I loved that 1920s style and had the black eyes and dark, wavy hair, but the face just wasn’t quite right. A couple of years later, just as I was becoming weary of the “Lea” character, I came upon the cover of that Louise Brooks’ autobiography. The face on the cover attempted a kind of doll-like quality that was betrayed by an unapologetic gaze that could only belong to an independent woman; a woman, who like me, was likely described by others as “too intense.” I had to have that book. I hungrily read each and every page of those memoirs and, after finding it impossible to put down, the obsession was complete. I had so much in common with that eerily familiar image that it haunted me.
Soon, I had started my own string of rock bands, one of which even earned me full membership status with ASCAP, the American Society of Composers, Authors and Publishers, due to a song that I had co-written and performed entitled “Gypsy Woman” being played overseas in more than one country. Like most of the songs I wrote and still write, it was autobiographical and served to mock its author. As for romance, I took only a few lovers, characteristically much younger than I, for I found no use for amorous company. This is where I was different from the woman in that book. I was far too busy moonlighting as a would-be rock star, celebrity impersonator, artist, vocal and guitar coach, and more. Thus, I found it much easier to avoid the inconvenience of commitment by dating beautiful men who were much younger than me. When you grow up without a father from a very early age, you have no idea what purpose a man in your life serves with exception to the momentary thrill of a random fling now and again.
Some things never change. My impersonations continued. I branded myself as “Xena, the Warrior Princess” as a premier personal trainer for nearly a decade. I even painstakingly hand-crafted a Hollywood worthy costume that was virtually identical to the one worn by Lucy Lawless in the TV show. After graduating from college and finding that Xena was objectified too much, and loathing those blue color contacts, I quickly metamorphosed into Joan Jett, complete with leather to match my wicked tat.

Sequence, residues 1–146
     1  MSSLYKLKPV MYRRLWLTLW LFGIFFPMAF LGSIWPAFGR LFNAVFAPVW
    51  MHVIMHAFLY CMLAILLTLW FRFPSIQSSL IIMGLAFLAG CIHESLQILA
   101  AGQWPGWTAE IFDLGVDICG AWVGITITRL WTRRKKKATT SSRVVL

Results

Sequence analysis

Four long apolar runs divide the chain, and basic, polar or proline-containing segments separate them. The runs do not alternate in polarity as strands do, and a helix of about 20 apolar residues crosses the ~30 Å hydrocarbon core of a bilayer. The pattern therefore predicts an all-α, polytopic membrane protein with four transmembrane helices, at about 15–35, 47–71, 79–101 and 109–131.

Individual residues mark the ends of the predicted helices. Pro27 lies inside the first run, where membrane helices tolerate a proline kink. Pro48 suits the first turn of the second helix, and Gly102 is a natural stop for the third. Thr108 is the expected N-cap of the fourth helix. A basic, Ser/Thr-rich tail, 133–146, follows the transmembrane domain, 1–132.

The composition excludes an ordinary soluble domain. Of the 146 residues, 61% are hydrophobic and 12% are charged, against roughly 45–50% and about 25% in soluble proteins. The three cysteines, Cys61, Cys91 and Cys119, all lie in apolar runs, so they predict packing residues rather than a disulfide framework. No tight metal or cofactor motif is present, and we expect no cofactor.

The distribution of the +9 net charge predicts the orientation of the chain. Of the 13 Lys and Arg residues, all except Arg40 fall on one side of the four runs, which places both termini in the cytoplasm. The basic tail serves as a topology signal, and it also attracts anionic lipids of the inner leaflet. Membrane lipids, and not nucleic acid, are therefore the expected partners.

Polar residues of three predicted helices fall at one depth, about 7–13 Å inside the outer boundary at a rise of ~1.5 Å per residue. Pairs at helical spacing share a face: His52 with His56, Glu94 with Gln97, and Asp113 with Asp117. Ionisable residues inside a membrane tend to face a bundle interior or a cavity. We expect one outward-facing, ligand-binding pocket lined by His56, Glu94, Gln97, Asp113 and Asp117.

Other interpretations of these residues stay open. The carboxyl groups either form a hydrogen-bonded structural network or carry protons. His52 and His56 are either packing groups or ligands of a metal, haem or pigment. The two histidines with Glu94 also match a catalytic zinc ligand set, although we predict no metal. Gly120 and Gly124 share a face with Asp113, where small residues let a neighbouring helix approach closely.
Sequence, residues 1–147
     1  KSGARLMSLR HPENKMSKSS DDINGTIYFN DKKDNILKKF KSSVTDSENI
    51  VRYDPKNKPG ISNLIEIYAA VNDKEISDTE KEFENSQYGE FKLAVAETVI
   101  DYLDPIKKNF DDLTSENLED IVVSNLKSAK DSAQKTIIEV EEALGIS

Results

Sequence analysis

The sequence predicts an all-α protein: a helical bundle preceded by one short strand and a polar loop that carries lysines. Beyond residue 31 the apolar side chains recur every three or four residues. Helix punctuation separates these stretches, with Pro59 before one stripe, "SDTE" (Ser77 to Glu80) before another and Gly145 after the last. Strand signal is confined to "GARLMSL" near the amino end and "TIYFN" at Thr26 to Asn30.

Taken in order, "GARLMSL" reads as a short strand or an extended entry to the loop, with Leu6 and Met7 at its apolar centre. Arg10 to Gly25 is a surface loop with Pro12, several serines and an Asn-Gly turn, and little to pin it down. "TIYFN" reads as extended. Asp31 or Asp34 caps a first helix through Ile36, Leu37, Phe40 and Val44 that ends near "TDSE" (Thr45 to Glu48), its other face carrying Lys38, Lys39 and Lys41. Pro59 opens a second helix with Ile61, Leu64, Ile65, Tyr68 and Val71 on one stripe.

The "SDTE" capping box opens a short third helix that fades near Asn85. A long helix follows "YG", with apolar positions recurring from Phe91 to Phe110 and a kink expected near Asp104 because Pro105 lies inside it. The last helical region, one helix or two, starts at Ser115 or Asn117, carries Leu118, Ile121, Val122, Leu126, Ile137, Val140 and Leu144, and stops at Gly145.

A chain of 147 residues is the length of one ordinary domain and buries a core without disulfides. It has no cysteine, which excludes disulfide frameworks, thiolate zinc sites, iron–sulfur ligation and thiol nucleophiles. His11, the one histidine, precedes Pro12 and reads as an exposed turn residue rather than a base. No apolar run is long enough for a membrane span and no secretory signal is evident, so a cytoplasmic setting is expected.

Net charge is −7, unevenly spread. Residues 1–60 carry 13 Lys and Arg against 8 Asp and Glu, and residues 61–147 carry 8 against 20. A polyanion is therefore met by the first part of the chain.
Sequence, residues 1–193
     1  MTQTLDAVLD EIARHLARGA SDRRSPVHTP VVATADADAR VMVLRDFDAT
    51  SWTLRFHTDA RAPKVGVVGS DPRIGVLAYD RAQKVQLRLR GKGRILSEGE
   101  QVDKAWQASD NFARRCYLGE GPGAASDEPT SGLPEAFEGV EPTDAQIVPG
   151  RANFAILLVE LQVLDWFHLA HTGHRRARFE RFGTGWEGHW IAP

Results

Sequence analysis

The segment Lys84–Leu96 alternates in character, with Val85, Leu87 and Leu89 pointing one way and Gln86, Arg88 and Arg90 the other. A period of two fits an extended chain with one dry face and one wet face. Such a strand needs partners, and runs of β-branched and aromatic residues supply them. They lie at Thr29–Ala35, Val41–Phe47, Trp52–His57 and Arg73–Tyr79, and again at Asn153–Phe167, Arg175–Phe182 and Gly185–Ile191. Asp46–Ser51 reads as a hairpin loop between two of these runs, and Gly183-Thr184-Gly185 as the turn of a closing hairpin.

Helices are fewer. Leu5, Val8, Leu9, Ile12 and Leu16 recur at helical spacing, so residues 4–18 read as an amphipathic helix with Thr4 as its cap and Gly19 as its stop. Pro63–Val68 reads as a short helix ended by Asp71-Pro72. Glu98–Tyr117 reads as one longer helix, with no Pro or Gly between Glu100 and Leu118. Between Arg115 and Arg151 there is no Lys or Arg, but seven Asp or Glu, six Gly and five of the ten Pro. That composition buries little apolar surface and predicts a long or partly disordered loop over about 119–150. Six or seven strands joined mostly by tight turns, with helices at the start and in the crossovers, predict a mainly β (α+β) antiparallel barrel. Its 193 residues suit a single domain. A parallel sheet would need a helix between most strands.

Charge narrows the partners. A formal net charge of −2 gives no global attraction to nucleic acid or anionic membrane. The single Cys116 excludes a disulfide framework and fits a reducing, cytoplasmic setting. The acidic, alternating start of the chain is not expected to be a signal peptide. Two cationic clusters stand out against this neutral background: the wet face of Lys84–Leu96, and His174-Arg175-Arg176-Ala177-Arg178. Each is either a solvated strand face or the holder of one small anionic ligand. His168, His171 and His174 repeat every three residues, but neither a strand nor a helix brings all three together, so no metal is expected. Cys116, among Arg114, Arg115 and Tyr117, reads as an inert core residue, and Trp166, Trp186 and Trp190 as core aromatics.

After my unstable and tragically self-centric mother died, I found myself moving yet again. The thing I hated the most was transporting all of my books from place to place. I had also inherited a few more thanks to my mother’s similar voracious appetite for reading. A curious thing happens when you unpack books. Only someone who loves to read knows about this phenomenon. As you glance at each cover, you are taken back to each of the worlds to which those texts transported you.
Whose image could I adopt this time? My personas mustn’t lie. That’s implicit. It has to be someone who is just as rebellious and independent as me, but delightfully obscure enough for the average employer to completely overlook. Of course! The girl in the black helmet! My self-destructive, fiercely independent and forever unmanageable doppelganger - Louise Brooks!